Her Majesty's Naval Base, Clyde (HMNB Clyde; also HMS Neptune) primarily sited at Faslane is one of three operating bases in the United Kingdom for the Royal Navy (the others being HMNB Devonport and HMNB Portsmouth). It is the service's headquarters in Scotland and is best known as the home of Britain's nuclear weapons, in the form of nuclear submarines armed with Trident missiles.International Socialist Group (Scotland)
The International Socialist Group was a revolutionary socialist organisation based in Scotland which was formed in April 2011 by former members of the Socialist Workers Party. The group produced a free monthly broadsheet and online blog, Communiqué. The ISG participated in a number of campaigns, such as the Coalition of Resistance, Stop the War Coalition and the Radical Independence Campaign. In 2015 the ISG formally dissolved with its members participating in the Scottish Left Project, the organisational process which led to the RISE electoral alliance to contest the 2016 Scottish Parliamentary elections alongside Scottish Socialist Party, individuals from the Radical Independence Campaign and other activists and trade unionists.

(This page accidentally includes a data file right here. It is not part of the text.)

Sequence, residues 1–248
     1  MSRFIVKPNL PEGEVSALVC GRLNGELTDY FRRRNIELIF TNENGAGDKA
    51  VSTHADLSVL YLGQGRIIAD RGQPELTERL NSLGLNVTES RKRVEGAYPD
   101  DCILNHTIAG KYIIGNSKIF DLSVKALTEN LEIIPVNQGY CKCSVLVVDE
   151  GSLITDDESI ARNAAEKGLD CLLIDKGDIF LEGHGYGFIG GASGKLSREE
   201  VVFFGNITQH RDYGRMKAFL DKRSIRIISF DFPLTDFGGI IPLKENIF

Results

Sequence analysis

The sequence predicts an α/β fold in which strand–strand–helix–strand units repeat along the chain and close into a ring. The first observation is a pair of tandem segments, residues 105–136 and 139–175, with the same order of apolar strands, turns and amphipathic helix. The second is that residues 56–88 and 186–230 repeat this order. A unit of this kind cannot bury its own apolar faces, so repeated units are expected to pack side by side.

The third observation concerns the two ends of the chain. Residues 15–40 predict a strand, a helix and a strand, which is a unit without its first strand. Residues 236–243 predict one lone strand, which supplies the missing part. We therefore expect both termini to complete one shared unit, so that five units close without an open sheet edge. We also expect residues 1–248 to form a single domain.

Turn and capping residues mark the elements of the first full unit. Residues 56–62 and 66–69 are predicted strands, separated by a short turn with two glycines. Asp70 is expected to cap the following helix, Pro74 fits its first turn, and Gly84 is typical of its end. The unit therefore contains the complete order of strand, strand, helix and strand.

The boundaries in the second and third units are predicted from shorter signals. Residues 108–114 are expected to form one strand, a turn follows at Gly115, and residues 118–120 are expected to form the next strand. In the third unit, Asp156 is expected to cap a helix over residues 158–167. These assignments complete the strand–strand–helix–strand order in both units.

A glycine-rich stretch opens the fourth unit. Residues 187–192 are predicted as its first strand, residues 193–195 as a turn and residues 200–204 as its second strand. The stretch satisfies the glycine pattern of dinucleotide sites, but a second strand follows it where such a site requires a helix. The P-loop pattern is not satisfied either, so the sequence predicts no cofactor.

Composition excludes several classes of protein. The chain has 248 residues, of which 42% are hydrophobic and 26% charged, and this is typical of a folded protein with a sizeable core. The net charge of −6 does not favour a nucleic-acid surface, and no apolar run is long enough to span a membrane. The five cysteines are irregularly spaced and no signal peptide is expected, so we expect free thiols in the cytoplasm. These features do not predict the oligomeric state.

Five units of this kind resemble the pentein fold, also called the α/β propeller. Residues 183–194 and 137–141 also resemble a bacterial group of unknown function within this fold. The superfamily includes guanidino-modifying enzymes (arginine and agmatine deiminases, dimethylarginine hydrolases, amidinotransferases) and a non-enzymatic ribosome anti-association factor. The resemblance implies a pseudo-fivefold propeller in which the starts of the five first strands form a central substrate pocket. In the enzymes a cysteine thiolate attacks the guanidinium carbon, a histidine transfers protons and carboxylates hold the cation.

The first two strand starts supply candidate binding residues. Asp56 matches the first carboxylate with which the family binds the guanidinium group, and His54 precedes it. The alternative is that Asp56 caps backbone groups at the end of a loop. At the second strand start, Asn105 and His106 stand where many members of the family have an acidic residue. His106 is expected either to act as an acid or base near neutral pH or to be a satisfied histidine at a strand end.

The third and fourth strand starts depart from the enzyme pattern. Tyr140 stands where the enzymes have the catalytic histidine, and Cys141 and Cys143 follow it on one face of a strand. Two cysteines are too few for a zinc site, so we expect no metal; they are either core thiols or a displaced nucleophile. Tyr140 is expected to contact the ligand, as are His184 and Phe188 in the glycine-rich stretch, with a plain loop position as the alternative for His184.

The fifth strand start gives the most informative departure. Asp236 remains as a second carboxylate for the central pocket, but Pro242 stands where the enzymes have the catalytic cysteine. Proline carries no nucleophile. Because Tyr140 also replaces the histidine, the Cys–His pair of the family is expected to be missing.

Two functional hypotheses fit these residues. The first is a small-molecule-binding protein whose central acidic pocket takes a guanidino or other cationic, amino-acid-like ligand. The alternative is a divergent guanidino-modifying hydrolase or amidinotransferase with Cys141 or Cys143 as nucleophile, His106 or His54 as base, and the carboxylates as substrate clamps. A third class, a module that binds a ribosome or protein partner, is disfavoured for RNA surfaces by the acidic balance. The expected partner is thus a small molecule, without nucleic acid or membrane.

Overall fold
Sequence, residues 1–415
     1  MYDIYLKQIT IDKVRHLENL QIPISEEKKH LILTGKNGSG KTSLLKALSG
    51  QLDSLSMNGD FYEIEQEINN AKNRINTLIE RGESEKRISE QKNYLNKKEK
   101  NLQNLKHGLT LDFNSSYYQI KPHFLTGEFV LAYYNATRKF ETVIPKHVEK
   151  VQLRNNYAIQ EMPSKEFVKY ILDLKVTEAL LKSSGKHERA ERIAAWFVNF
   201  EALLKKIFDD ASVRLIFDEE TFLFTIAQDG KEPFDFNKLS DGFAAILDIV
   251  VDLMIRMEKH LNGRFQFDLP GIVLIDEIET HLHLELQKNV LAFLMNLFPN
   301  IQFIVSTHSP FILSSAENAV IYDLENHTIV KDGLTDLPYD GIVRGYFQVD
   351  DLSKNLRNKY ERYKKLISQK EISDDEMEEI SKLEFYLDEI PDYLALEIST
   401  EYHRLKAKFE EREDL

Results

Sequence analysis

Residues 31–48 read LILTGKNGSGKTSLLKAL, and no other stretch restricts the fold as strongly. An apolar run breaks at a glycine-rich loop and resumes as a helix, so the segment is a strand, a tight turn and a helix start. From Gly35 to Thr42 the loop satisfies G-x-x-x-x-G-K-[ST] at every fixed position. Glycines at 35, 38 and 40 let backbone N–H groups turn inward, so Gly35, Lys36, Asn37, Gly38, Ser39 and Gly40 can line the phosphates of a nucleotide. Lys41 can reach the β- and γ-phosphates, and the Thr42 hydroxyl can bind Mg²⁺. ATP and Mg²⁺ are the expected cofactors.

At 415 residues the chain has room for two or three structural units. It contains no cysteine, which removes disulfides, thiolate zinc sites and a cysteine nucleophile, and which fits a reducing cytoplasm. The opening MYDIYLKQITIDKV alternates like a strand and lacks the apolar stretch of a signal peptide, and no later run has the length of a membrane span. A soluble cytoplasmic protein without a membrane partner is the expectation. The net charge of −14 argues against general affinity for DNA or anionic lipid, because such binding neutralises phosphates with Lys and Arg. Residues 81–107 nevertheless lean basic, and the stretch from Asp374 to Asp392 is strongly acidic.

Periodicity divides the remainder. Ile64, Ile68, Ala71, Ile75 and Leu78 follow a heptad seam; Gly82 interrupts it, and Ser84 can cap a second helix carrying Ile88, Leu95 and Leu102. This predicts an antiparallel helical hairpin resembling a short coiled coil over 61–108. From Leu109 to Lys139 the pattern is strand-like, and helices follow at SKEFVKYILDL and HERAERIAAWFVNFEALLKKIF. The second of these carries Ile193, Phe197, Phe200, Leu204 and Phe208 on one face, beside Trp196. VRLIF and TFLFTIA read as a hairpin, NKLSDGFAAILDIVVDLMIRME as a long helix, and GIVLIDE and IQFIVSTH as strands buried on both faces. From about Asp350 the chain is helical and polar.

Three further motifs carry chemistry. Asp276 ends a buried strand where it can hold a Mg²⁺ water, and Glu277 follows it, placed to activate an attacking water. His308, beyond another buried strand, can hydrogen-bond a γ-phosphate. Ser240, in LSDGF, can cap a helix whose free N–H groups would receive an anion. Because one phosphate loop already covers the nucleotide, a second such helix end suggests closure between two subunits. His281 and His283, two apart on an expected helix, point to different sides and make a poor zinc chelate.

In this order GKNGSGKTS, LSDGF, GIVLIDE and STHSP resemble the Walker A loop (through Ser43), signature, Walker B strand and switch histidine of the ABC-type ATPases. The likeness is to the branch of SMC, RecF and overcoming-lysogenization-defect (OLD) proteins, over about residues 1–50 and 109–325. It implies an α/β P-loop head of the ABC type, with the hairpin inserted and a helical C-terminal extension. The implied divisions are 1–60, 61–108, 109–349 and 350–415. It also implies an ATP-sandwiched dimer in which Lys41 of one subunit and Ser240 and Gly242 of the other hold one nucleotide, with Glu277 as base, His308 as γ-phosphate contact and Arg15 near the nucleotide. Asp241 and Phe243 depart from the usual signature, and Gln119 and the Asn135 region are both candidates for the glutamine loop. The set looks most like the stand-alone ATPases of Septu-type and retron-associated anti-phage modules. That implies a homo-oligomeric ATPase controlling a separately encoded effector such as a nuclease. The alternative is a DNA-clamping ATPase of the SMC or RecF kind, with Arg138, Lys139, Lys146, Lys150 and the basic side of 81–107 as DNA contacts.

Notable figures within the ISG included Jonathon Shafi, co-founder of the Radical Independence Campaign, and Cat Boyd.Lord of Parliament
A Lord of Parliament (Scots: Laird o Pairlament) was the holder of the lowest form of peerage entitled as of right to take part in sessions of the pre-Union Parliament of Scotland. Since that Union in 1707, it has been the lowest rank of the Peerage of Scotland, ranking below a viscount. A Lord of Parliament is said to hold a Lordship of Parliament.
The peerage of Scotland differs from those of England and Ireland, in that its lowest rank is not that of baron. In Scotland, the term "baron" refers to a feudal baron, considered to be a minor lord who is not a peer, approximately equal to a baron in some continental countries. The Scottish equivalent to the English baron is the Lord of Parliament.